A New Year is here, and it has finally turned winter. With lows in the upper teens, some collards couldn’t hold out and got zapped. It’s a shame because we finally had a buyer lined up who wanted to buy in bulk. One thing I’ve read in countless farming magazines and books is to always have a market lined up before you put the first seed in the ground. I guess that’s good advice, but I’ve never been confident enough yet in my growing skills to try to pre-sell produce. This year I planted 1,000 collards, hoping that I’d be able to find a market if, and when, the time came. Well, the time came and went for some plants.
I was able to sell a good number of collard bunches at the farmer’s market and a few by word of mouth. I had planned to set up a roadside stand, like we do for our tomatoes, but the endless rain didn’t allow for it. I scrambled to try to find a wholesale buyer. One lady who owns a produce stand said she could remember selling hundreds of collards for New Year’s. But she said now people just don’t cook anymore, and young people, if they like collards at all, like them pre-chopped in a bag from the grocery store.
After striking out there, I then called a chef who works in the café of a factory that employs 400 people. To my surprise, he wanted collards. I took him 30 lbs, which is a lot of greens, on Monday. It was a surreal delivery. To walk the boxes of collards through the plant to the cafe, I had to have my photo taken, after which I had to don a freshly-printed nametag with my photo on it, an orange safety vest, safety glasses, and ear plugs. This was a very modern facility, with people manning robotic-type gizmos and tools. The café in the facility would put many restaurants to shame, and the chef was trying to buy as much local food as he could reasonably afford.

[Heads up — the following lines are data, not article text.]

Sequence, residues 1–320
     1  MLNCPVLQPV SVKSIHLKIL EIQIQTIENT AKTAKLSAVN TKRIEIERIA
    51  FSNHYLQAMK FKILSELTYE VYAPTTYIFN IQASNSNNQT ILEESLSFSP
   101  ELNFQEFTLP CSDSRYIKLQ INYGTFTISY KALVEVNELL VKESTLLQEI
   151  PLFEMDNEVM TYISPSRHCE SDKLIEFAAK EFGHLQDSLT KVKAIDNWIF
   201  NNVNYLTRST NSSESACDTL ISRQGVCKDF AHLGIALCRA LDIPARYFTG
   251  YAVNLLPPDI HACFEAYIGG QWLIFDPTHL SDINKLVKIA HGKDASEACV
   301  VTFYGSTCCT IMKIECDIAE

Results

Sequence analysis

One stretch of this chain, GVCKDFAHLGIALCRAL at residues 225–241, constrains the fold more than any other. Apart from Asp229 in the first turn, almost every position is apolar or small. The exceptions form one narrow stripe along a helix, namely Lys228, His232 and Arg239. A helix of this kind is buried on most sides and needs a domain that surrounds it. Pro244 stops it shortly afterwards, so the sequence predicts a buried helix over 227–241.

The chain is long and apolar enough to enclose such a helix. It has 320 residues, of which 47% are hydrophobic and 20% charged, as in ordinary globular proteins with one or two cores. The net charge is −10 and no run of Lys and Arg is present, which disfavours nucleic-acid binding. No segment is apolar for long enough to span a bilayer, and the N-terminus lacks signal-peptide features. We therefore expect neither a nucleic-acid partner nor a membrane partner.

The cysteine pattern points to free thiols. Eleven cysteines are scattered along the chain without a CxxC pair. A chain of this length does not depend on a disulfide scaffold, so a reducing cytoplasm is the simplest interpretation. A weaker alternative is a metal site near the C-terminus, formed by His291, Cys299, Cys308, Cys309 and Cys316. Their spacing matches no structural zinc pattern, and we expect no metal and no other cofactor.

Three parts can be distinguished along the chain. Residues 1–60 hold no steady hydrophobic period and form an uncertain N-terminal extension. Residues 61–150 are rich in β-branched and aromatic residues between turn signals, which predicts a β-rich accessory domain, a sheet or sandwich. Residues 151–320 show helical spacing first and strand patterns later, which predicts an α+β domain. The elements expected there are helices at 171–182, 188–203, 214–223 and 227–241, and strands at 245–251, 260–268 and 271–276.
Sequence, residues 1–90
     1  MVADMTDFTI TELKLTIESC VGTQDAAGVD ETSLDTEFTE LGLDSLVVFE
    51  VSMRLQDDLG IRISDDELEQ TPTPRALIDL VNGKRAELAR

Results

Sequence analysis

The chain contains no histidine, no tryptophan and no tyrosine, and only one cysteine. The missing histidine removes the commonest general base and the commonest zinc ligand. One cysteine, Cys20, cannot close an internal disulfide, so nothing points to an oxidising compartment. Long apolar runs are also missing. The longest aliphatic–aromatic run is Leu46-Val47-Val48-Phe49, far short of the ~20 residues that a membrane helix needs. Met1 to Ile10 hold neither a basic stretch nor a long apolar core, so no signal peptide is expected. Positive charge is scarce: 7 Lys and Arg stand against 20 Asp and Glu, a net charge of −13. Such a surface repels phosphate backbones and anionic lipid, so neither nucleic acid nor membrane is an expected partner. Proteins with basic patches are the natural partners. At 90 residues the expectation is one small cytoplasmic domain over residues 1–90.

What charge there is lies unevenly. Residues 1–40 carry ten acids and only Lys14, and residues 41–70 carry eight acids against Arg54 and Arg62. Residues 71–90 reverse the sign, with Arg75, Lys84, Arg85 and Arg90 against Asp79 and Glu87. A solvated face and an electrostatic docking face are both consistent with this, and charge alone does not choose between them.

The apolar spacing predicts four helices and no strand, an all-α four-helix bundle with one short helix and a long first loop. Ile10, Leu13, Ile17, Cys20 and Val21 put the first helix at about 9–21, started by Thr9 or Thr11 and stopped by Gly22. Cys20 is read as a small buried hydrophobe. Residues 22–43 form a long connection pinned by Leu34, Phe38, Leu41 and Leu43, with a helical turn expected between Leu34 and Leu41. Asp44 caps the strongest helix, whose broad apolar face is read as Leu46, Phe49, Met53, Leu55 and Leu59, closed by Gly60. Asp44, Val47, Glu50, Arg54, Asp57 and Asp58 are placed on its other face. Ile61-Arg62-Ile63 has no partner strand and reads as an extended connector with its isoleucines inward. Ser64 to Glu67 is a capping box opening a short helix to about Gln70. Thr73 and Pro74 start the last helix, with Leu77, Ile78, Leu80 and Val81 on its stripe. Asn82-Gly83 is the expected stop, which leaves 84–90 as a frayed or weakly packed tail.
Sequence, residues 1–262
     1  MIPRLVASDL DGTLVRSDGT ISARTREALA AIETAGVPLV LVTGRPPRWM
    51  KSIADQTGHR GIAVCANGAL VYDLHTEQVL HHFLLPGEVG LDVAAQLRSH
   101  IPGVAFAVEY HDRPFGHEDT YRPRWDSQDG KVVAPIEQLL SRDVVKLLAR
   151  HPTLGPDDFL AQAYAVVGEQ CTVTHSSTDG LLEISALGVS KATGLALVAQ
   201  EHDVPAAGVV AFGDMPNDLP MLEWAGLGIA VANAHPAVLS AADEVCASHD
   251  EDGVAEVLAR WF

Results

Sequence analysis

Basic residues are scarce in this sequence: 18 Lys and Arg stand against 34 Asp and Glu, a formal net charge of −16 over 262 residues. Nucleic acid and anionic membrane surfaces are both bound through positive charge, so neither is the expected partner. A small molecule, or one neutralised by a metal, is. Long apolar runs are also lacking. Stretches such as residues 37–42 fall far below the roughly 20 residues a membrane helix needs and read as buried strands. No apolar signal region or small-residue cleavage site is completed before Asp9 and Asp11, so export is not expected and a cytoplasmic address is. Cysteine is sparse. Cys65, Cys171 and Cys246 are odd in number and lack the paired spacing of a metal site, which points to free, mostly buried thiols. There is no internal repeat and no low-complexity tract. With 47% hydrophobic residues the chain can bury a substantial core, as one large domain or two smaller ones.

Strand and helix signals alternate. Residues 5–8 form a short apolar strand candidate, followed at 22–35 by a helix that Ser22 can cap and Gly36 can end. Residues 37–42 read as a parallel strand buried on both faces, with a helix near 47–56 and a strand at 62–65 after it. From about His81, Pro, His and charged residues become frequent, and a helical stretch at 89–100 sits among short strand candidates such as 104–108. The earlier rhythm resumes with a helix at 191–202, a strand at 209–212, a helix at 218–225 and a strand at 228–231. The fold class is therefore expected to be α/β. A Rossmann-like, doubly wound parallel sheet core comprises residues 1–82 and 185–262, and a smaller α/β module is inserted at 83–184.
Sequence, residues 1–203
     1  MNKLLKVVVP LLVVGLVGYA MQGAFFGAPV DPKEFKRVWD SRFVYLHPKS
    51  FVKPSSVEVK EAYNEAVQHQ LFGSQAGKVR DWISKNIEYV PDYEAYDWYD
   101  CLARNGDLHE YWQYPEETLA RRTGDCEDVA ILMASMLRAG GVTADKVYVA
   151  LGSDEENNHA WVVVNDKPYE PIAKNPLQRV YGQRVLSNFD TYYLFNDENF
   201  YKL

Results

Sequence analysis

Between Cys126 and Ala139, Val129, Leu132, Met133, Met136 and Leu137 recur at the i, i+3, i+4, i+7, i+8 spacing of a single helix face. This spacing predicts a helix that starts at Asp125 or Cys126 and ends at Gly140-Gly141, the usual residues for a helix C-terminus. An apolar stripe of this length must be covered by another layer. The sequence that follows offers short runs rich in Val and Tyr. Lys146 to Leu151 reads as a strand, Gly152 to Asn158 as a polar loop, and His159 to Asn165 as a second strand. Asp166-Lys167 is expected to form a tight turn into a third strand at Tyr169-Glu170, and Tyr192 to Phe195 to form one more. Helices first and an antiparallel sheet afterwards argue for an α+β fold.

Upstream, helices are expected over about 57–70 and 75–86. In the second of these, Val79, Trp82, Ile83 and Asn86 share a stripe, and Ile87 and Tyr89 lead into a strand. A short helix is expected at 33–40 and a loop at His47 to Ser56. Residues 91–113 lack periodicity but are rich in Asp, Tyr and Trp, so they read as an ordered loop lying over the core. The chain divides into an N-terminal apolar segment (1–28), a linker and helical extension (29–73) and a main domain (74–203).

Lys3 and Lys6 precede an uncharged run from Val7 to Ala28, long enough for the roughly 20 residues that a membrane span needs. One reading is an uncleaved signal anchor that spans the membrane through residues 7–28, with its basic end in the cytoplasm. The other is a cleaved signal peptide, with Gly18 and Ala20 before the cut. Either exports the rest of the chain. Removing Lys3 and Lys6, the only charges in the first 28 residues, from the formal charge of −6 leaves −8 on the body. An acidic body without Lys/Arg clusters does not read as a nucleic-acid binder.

He said he would go through those collards in no time, and, in fact, the next day he called wanting more. Unfortunately, the cold snap came through that night, so future delivers might not be as much as I would have liked.
As much as I’m disappointed I lost some collards, the contact I made might be even more valuable, as the chef said he would be very interested in buying tomatoes and strawberries this spring and summer. And that’s how things seem to go with farming. One thing leads to another. From roadside stand to farmers’ market to chef, from chickens to bees to pigs, from tomatoes to strawberries to collards, each is a little gateway drug to the next.
At some point, and maybe I’m beginning to reach that point, I think I’ll begin to “just say no” to new farming ideas. Still, it’s kind of hard with farming to know what works and what doesn’t and what’s worth doing and what isn’t until you try it.